Like us, Matthew knew what it was to belong to a divided community. We will leave it to scholars to decide the precise characteristics of his communities. It will be sufficient for us to acknowledge the different groups who had irreconcilable understandings of what it was to be Jewish and whether faithful Jews were forbidden, permitted or required to make a faith response to the claims of Jesus Christ. These were no merely intellectual conflicts but rather a marker of identity, a birthmark of belonging. They led to antagonism, to positions entrenched and defended. Finally, they led to the conviction that some people were so far from God —weeds to the true servants’ wheat— that they needed swift extirpation and final fiery destruction.


The same instinct to do down our opponent is visible in all the divisions that breed fear and loathing in our world. The ill-tempered discourse about the future of the UK and its part in the EU is symptomatic of national disunity and no doubt creative of deeper rifts in families and communities. The fact that we cannot respond even to an appalling event like Grenfell without exchanging in a series of highly-politicised claims and counter claims is as lamentable as it is predictable.


The Church does no better. Our ongoing failure to come to terms with the diverse ways of reading Scripture means misery for many and a severe distraction for all. Consigned to an endless yelling about love, sex and gender, we become identified only by what divides us and are increasingly unable to see any goodness in those who have ceased to be brothers and sisters and have become opponents. This is not the way to resolve the mighty matters before us. Dismissing others or walking away ourselves is not the way of growing together till Kingdom come. We will need more than childhood games of goodies and baddies if we are to be instruments and evangelists of God’s Reign.


For this, we will need patience, to refrain from judgement, and to work tirelessly for a genuinely mutual flourishing so that all might reach fulfilment. This is the most surprising thing about the parable. It recognises that both wheat and weeds are differently productive. We must avoid the presumption of the hellfire preacher that the parable is about the punishment of the wicked and the reward of the good. The wheat ground into flour presumably enjoys no more pleasant an experience than the darnel that is cut, bound and burnt. Such matters, the parable insists, are left to God the judge, whose eternal truth sheds light on human failing; but whose mercy finds a way for all that God has created to serve God’s purpose, whether as grain ground into flour for bread or sheaves of wild wheat burnt as precious fuel.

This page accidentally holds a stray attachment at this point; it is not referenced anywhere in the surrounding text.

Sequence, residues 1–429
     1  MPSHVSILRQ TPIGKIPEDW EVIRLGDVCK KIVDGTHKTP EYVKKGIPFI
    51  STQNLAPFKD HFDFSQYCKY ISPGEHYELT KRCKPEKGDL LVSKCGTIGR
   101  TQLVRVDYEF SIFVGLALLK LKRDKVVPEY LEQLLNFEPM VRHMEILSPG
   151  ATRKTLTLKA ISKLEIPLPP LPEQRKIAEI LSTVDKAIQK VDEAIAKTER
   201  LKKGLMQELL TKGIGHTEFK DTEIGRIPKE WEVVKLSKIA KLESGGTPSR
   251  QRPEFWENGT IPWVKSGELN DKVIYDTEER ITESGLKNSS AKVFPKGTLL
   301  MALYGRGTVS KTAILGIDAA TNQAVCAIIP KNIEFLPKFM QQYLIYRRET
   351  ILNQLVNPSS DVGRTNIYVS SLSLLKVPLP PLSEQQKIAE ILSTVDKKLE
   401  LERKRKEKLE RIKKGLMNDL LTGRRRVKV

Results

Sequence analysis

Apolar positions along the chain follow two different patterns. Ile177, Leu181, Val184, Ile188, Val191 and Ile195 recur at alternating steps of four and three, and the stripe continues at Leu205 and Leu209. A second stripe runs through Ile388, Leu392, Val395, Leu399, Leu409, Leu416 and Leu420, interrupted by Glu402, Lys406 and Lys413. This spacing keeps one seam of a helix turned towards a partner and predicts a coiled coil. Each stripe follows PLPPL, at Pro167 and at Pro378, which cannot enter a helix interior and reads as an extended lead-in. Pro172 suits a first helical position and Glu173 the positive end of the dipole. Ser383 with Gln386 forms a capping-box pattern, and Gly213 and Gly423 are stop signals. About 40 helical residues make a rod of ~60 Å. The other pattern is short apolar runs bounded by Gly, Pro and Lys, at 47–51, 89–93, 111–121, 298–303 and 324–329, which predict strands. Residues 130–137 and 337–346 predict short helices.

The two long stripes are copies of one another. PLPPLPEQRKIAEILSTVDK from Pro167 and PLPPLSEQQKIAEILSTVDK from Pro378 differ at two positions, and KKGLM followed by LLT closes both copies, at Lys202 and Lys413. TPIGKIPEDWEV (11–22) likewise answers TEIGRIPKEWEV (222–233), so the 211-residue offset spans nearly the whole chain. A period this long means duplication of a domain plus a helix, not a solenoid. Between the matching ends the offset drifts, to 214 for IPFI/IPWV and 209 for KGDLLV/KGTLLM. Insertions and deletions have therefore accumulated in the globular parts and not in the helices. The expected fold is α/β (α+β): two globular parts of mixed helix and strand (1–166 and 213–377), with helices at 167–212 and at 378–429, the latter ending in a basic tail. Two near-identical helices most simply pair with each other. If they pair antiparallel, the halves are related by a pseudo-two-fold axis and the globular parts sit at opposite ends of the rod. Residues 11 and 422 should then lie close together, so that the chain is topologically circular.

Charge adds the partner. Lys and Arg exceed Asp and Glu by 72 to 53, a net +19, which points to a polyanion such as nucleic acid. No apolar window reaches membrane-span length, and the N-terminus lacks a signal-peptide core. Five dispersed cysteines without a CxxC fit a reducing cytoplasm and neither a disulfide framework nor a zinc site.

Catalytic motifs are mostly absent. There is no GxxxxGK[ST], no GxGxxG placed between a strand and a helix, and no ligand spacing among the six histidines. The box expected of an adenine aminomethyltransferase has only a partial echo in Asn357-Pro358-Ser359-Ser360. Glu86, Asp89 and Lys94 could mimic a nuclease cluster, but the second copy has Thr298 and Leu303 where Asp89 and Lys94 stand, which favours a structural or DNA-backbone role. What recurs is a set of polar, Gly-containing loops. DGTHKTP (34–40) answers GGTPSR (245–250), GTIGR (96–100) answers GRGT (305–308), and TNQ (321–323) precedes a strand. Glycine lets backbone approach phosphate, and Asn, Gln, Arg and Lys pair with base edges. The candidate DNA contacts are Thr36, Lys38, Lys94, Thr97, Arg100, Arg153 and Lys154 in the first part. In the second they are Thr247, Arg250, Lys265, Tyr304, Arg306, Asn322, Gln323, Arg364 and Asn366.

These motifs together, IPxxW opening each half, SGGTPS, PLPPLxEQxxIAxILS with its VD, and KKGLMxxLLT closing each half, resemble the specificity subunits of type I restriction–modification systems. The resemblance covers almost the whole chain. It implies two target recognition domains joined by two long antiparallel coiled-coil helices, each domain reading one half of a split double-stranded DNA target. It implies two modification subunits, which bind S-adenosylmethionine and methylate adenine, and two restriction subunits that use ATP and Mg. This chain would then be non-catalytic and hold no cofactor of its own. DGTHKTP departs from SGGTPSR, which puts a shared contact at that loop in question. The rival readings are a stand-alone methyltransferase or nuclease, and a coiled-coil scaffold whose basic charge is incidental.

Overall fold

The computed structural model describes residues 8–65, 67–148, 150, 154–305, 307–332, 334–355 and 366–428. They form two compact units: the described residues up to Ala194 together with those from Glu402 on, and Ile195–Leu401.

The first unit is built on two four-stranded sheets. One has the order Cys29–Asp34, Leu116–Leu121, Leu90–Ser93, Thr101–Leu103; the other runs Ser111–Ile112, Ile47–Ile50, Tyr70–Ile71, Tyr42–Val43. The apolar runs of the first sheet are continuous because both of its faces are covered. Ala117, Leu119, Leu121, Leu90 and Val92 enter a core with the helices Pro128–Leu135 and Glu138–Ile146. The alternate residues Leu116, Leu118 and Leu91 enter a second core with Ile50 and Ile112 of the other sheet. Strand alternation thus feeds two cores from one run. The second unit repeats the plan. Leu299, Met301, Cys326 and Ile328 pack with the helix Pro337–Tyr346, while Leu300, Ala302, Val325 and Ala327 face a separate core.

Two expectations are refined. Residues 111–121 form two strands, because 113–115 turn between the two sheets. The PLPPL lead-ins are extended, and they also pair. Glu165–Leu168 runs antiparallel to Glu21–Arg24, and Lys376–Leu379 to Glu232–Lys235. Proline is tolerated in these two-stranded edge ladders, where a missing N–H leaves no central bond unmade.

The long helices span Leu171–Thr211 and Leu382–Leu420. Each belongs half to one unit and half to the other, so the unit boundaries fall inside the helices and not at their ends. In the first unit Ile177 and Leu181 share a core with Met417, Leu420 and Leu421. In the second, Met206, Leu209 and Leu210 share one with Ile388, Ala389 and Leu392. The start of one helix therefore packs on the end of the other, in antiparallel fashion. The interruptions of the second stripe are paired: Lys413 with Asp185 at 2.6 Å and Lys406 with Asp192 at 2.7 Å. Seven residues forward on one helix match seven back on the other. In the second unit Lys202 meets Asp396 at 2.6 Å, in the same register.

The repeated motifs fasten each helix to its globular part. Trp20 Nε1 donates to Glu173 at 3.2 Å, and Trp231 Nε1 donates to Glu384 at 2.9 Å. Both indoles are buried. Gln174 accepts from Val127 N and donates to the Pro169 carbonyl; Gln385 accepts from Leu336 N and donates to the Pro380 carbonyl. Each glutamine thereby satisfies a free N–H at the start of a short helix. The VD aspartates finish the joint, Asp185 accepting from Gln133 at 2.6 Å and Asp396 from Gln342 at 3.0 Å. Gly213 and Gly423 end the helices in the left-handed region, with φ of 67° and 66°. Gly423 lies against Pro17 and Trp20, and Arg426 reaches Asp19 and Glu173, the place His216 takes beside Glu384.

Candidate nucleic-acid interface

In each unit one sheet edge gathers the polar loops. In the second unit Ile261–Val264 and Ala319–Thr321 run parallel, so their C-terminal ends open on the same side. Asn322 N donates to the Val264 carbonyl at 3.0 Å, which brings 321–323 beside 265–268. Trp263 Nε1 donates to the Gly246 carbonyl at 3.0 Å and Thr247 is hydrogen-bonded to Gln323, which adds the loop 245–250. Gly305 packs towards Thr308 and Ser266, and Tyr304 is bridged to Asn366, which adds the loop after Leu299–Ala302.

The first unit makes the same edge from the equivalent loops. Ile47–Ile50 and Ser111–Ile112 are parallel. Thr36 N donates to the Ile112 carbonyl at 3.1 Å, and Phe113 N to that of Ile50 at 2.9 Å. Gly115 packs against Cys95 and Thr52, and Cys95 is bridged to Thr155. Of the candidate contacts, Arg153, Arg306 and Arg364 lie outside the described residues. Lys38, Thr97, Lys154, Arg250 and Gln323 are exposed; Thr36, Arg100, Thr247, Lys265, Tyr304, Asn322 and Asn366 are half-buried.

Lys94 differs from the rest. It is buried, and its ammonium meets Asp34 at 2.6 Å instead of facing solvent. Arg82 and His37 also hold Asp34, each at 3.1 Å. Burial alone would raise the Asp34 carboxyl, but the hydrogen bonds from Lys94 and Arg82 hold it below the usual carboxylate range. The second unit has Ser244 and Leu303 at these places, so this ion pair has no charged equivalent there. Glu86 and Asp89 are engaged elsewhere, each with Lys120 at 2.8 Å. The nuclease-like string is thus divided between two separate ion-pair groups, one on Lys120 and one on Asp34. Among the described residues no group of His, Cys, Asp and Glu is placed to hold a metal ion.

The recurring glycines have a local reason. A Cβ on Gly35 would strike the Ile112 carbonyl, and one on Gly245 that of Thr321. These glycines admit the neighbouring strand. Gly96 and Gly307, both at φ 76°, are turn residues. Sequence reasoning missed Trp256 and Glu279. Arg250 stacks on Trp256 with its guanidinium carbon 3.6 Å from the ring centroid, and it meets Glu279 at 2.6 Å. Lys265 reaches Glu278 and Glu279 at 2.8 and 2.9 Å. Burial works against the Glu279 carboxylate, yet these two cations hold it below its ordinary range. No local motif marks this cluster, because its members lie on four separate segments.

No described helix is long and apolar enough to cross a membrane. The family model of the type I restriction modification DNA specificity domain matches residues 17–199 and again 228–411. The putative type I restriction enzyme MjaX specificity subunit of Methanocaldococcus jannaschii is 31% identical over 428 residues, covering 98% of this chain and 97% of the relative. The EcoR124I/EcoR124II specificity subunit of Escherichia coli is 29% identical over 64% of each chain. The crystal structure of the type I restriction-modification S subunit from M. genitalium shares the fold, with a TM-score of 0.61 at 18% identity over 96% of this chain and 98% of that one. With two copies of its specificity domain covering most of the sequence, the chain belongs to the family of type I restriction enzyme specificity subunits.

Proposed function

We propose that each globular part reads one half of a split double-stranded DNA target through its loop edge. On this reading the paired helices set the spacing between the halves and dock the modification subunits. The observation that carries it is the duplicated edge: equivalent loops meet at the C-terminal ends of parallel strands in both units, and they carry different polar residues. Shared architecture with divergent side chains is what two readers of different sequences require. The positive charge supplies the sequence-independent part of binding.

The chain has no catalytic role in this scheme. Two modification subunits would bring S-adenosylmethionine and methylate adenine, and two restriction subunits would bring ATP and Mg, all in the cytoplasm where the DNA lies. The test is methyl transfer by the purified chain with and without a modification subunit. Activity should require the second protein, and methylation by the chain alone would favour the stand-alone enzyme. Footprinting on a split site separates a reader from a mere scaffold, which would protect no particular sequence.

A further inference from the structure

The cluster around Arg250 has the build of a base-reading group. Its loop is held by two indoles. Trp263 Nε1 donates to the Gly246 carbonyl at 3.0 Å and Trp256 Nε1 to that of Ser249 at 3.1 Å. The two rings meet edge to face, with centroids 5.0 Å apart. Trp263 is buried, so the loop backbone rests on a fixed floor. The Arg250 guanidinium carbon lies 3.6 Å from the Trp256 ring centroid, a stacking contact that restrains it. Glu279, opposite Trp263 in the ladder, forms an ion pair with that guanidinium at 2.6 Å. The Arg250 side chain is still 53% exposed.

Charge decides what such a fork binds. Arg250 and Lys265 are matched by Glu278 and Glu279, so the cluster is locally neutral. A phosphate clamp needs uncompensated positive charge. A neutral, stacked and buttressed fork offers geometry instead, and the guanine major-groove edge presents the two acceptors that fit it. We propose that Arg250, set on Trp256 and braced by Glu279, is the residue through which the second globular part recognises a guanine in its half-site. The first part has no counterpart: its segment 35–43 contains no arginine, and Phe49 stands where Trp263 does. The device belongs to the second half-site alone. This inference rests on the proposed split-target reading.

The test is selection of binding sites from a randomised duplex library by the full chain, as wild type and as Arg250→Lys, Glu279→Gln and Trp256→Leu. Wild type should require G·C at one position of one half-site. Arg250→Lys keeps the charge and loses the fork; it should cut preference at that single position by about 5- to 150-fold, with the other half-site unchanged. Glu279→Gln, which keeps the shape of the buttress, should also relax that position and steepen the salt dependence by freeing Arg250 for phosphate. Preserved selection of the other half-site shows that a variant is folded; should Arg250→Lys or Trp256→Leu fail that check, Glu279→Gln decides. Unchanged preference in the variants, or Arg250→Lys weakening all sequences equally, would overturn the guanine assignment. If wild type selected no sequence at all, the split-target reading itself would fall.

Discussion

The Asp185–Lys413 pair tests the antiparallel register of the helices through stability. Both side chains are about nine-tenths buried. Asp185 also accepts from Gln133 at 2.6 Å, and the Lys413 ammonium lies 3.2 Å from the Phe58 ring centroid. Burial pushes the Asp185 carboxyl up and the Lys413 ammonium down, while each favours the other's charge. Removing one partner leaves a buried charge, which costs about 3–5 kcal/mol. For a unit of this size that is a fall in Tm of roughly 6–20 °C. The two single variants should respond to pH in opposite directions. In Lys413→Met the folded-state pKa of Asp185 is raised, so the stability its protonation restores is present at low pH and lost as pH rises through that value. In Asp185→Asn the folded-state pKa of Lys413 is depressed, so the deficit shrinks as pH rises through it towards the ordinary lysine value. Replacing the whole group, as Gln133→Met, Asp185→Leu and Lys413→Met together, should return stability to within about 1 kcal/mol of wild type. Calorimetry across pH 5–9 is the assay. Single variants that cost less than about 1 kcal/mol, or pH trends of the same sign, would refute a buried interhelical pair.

Flour and fuel need each other for fulfilment and purpose and those who seek to serve the kingdom of God will not dare to impede this process, but will learn the interdependence of all human beings, however much we disapprove of them, or however little we expect of them. As Walter Bruegemann has put it, ‘the human self is not an independent, autonomous agent but is always and necessarily preceded by one radically other than us, who summons us into existence’ (The Covenanted Self).


This does not require us to start believing that bad is good or that injustice is tolerable. But it does mean that we must approach our divergences in a radically different way, inevitably with our own thoughts and feelings to the fore, but tempered with the humility to expect that God will shine a light on things we have not expected, causing us to look with eyes more like Christ’s, and to love with a heart more like his.


Or, as Bishop Westcott has beautifully expressed it in prayer,


‘O Lord God, in whom we live and move and have our being, open our eyes that we may behold thy Fatherly presence ever about us. Draw our hearts to thee by the power of thy love. Teach us to be anxious for nothing, and when we have done what thou hast given us to do, help us, O God our Saviour, to leave the issue to thy wisdom. Take from us all doubt and mistrust. Lift our thoughts up to the heavens; and make us to know that all things are possible to us through thy Son, our Redeemer Jesus Christ.’

Being Christ among the exiles: reflection for Week 13/Proper 8

Jeremiah 28.5-9; Romans 6.12-23; Matthew 10.40-42

Today’s gospel reading concludes the tenth chapter of Saint Matthew, in which disciples are given their role of presenting Christ to the world. In last week’s passage (verses 24-39), they were given the task of speaking words on the Lord’s behalf, proclaiming aloud all that had been taught in secret. They were also to suffer with him, embracing his ‘unavoidably divisive’ gospel and facing the cross in consequence (Benedict Green).


This week, the disciple hopes to be ‘received as Christ’, representing him in the world just as he represents the Father. It is on those who welcome a disciple as Christ, even with so little as a cup of water, that Christ will bestow his own reward.


During ordination season it is tempting to think that this imitation of Christ in public is the proper work of the ordained, leaving the laity to busy themselves with their own professional and private lives. This would be an error. We all participate in the apostolic task according to our ability and disposition, being Christ in our communities not through theatrical impersonation or caricature, but by a process much more like the formation of a musician through assiduous daily practice.